This begins like an aspartame aquatic, sweet and slightly powdery, which feels like it’s distantly derived from New West, and with a touch of the later version of that unfriendly aldehydic Blue Grass, the messed about one which isn’t quite right.
And then it breaks down into something as natural feeling as Blue Monday, and with a sour chemical note that throws the harmony off balance.
It’s a weird experiment and it doesn’t end well.
(Perhaps it works better on skin, but it doesn’t work on my shirt – that’s for sure.)
Imagine yourself with a crisp white shirt, you are standing at a cliff's edge, overlooking a rocky coastline.behind you an evergreen forest,bellow you are barnacle-covered rocks amidst churning sea waters.as you look towards the ocean,you can see lighting in the distance and roiling clouds from the recent thunderstorm that has just passed over.
Initially this is slightly salty but fresh because of the sea notes.then it settles down to a warm summery wood very gentle and slightly herbal. it's fresh but there is something aquatic to it that hits you. surprisingly clean,but it's fleeting character makes it difficult to memorize. it is a cold summer.it is not dank,but more than fresh and very humid.if you are a fan of crisp and simple scents you'll like this.
Eau des Merveilles Bleue (2017) is a bit of a capitulation to men, whom found most of the previous Eau des Merveilles (2004) line pretty wearable, in spite of its feminine market copy. Here we see house perfumer Christine Nagel do what Jean-Claude Ellena has done and mostly dispense with the original "upside down note pyramid" theme of pillar entry, and just vibe off of key elements from it. Namely, the ambergris heart and the fresh citric oceanic notes that defined the dry down of that scent, bolstered with additional "proper" aquatic elements to turn the Eau des Merveilles accord into a proper aquatic fragrance, albeit a unisex one that will probably appeal more to men (like I said in the opening). It's always funny when a market segment a house wasn't expecting emerges and they're forced to make a product to meet that surprise demand. What this means to a casual fan of the original Eau des Merveilles is a more oceanic and possibly masculine feeling to the scent, so if a Hermès aquatic with a Hermès price tag sounds like your bag of chips, start munching my friend.
The opening here is a blast of aldehydes and juniper, with those notes quickly folding into the ambergris note of the original's heart. Again as with classic Eau des Merveilles, I can't really say if this is actual ambergris despite the market copy, but it has a breathy mineralic warmth and underlying marine muskiness, so it's a good take if synthetic. Additional "sea notes" are found in the heart, which mostly translate in my head to something ozonic in nature, then a base of denatured patchouli and ambrocenide for that "woody amber" feel most modern things have from the 2010's. Christine Nagel seems to be a fan of just naming two or three notes in her pyramids, so most of what I mention is detected not stated by the house, so your mileage may vary. Wear time is eight hours with average performance all around, best for casual outdoor summer use like at a BBQ or if you work outdoors. This barely feels unisex but leans more masculine to me, and anyone liking the original but not the heavier flankers that followed may appreciate this more since its closest by far to the first Eau de Merveilles in tone.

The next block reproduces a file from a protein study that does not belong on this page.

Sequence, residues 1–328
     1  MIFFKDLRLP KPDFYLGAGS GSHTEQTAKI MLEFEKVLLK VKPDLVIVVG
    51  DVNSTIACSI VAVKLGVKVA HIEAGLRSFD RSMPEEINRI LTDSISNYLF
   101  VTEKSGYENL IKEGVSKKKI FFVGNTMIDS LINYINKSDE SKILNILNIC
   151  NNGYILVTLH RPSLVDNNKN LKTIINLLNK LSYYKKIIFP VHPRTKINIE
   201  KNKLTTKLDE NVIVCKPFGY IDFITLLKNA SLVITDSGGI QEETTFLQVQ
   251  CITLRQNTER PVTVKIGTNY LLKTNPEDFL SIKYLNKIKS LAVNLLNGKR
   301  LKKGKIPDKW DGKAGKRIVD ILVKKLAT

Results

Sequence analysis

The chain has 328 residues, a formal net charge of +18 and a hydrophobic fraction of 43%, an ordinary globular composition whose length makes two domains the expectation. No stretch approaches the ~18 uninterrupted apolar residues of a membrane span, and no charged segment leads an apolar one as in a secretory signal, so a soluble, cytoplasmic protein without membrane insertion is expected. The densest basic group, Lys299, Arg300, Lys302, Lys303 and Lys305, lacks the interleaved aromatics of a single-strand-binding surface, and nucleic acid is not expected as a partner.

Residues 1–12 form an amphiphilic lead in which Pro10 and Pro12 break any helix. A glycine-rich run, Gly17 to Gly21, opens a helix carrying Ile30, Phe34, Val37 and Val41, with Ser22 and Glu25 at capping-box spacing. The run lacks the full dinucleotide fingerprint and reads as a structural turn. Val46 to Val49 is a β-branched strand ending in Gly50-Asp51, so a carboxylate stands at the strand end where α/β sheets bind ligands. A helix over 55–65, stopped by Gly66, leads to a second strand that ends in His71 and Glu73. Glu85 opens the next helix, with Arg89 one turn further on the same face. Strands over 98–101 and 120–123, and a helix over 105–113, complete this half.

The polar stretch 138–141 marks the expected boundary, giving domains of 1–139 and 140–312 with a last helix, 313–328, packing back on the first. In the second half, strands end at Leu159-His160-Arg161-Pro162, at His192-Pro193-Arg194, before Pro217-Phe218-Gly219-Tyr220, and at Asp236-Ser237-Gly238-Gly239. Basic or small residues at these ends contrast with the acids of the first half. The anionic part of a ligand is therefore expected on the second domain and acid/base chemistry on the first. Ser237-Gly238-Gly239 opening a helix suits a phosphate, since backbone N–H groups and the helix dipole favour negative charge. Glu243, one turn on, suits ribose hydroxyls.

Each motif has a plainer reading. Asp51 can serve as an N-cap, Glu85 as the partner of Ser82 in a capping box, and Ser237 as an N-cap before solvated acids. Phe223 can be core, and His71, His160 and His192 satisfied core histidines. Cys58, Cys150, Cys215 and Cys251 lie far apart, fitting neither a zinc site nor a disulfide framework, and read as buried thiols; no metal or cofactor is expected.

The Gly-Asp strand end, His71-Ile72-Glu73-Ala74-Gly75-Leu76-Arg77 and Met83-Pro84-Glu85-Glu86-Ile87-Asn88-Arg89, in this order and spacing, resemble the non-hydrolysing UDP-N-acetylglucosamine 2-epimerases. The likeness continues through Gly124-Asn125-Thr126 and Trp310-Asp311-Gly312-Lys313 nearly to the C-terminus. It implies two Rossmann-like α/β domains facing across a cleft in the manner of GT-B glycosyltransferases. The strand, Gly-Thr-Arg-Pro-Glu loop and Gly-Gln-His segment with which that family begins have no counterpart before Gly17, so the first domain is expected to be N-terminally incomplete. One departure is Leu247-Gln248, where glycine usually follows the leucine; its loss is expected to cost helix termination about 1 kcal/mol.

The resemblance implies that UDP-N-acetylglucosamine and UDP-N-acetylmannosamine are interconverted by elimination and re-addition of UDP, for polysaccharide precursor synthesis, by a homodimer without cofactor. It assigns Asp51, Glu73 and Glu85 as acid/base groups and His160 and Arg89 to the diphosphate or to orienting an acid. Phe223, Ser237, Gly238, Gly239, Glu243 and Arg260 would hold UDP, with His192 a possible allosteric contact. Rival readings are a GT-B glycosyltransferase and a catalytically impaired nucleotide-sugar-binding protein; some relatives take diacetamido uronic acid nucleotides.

The bottom line here is this is Eau des Merveilles Bleue, is how it sounds, although could probably be named "Bleu de Hermès" if you really wanted to be cynical, since it has the appropriate house transparency developed since the 2000's but also the blue freshness the dudebros crave. I like Eau des Merveilles Bleue but like with the original, it plays in a crowded field and has a price tag that makes it a hard sell when there are so many things you could have which smell just about in the same ballpark for a fraction, mostly thanks to discounters crammed to the gill with those competitors. Hermès collectors who love these tilted sparkly bottles will jump all over this, and anyone looking for an aquatic that is "a cut above" in most respects to your average Bvlgari or Nautica scent will appreciate what Nagel has dished up here in Eau des Merveilles Bleue, although anyone with more niche-aligned tastes or an aversion to obvious synthetics use will poo-poo even more than the standard Eau des Merveilles. Nice, simple, fresh, but a bit overpriced for what it is. Thumbs up.
I was hesitant about this one at first - if you don't pay attention to the details, it's easy to dismiss as something generic. The bitter, dry citrus blends with the salty marine notes in such a way that makes it smell like an inedible, minty fruit.
Very easy to wear, and ultimately more interesting than the original, which I find to be a bit meh.
If you have aversions to the words "fresh" or "aquatic", probably not for you.